The district court did not abuse its discretion in so holding. The experts' reports adequately established the bases for the opinions they expressed in the reports and in their declarations. Heller had the opportunity to probe the bases for the witnesses' opinions when he deposed them.

2. Federal Rule of Evidence 702

Rule 702 provides:

A witness who is qualified as an expert by knowledge, skill, experience, training, or education may testify in the form of an opinion or otherwise if:

(a) the expert's scientific, technical, or other specialized knowledge will help the trier of fact to understand the evidence or to determine a fact in issue;

(b) the testimony is based on sufficient facts or data;

(c) the testimony is the product of reliable principles and methods; and

(d) the expert has reliably applied the principles and methods to the facts of the case.

Fed.R.Evid. 702.

In Daubert v. Merrell Dow Pharmaceuticals, the Supreme Court held Rule 702 requires courts to ensure that expert testimony is “not only relevant, but reliable.” 509 U.S. 579, 589, 113 S.Ct. 2786, 125 L.Ed.2d 469 (1993); see also Kumho Tire Co. v. Carmichael, 526 U.S. 137, 149, 119 S.Ct. 1167, 143 L.Ed.2d 238 (1999) (noting that “Daubert's general principles apply” not just to scientific testimony but to all “the expert matters described in Rule 702”). Therefore, courts are obligated to “determine whether [expert] testimony has a reliable basis in the knowledge and experience of [the relevant] discipline.” Kumho Tire, 526 U.S. at 149 (second alteration in original) (citation and internal quotation marks omitted). Nonetheless, the Supreme Court has said “the trial judge must have considerable leeway in deciding in a particular case how to go about determining whether particular expert testimony is reliable.” Id. at 152.

In this case the district court reasoned:

[I]t appears here that the opinion evidence is connected to the existing facts—the registration requirements and the state of gun violence in the District—by a methodology precisely contemplated by Daubert and Rule 702: each expert's professional judgment obtained through long experience in the field. Each of the reports specifically identifies this experience as being the basis for the opinions proffered, and each provides some justification—in the form of information gained from the expert's relevant experience—for those opinions.

Heller v. District of Columbia, 952 F.Supp.2d at 142.

As the district court rightly suggested, each of the challenged experts has decades of relevant experience. Still, the Advisory Committee notes to Rule 702 provide that a witness who is “relying solely or primarily on experience ․ must explain how that experience leads to the conclusion reached, why that experience is a sufficient basis for the opinion, and how that experience is reliably applied to the facts.” In this case the experts' explanation of the connection between their experience and their conclusions was sometimes fatally sparse. Likewise, the district court failed meaningfully to evaluate the factual bases for the experts' opinions, noting only that they were supported by “some justification—in the form of information gained from the expert's relevant experience.”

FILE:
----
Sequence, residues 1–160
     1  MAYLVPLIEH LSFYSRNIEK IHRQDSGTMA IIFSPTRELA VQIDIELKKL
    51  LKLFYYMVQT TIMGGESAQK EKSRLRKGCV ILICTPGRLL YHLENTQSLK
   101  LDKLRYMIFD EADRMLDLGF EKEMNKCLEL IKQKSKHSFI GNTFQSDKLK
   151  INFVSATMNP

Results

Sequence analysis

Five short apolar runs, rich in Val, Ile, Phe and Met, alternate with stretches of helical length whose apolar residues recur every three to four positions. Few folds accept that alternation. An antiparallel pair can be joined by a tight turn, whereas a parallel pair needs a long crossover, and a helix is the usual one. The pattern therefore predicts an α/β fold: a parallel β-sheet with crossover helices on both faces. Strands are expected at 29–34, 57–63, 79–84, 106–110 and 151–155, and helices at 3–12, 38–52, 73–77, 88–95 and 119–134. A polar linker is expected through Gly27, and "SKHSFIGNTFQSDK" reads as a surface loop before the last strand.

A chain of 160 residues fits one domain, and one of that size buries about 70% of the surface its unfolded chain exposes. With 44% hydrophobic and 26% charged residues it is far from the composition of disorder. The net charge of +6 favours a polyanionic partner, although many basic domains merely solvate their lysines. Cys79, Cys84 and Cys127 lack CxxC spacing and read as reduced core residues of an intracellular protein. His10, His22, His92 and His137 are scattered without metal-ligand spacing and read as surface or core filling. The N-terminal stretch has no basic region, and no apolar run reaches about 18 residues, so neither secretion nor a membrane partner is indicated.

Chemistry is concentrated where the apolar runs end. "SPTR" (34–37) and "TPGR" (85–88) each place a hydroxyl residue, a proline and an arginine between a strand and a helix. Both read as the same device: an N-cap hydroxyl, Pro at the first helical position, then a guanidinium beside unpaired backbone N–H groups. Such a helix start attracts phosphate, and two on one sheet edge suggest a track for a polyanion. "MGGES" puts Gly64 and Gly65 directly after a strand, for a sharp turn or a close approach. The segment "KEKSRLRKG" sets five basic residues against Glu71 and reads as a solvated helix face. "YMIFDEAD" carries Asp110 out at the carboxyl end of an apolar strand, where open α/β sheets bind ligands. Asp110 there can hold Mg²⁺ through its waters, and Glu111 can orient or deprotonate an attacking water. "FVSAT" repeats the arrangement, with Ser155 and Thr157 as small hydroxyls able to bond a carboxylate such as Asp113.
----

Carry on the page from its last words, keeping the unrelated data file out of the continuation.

As this court has noted, however, the “admission of [expert] testimony does not constitute an abuse of discretion merely because the factual bases for an expert's opinion are weak.” Joy v. Bell Helicopter Textron, Inc., 999 F.2d 549, 567 (D.C.Cir.1993). Nor is this a case in which the experts' reports consisted of “subjective belief or unsupported speculation,” which the rules of evidence preclude. Id. at 570 (citation and internal quotation marks omitted).

In addition to invoking his or her generalized “experience,” each expert claimed to have relied upon specific news stories, academic studies, or other research in forming an opinion. Moreover, each of the three experts was in a position to state whether the cited materials comported with his or her personal experience.

In light of the challenged experts' substantial relevant experience and the sources they cited in support of their conclusions—the above-noted stories, studies, and research—we hold the district court did not abuse its discretion in admitting the challenged expert reports and the subsequent expert declarations. Rather, as the district court noted, Heller's “concerns about the conclusions [to which] these experts' experience led them ․ go to the weight of the testimony,” not its admissibility. Heller v. District of Columbia, 952 F.Supp.2d at 142.

B. The constitutional challenges

We review the district court's summary judgment determination de novo, considering the evidence in the light most favorable to the non-moving party, i.e., Heller. See Ayissi–Etoh v. Fannie Mae, 712 F.3d 572, 576 (D.C.Cir.2013).

In Heller II, we adopted a two-step approach to determining the constitutionality of the District's gun registration laws: “We ask first whether a particular provision impinges upon a right protected by the Second Amendment; if it does, then we go on to determine whether the provision passes muster under the appropriate level of constitutional scrutiny.” 670 F.3d at 1252. We determined that level was intermediate scrutiny. Id. at 1252–53.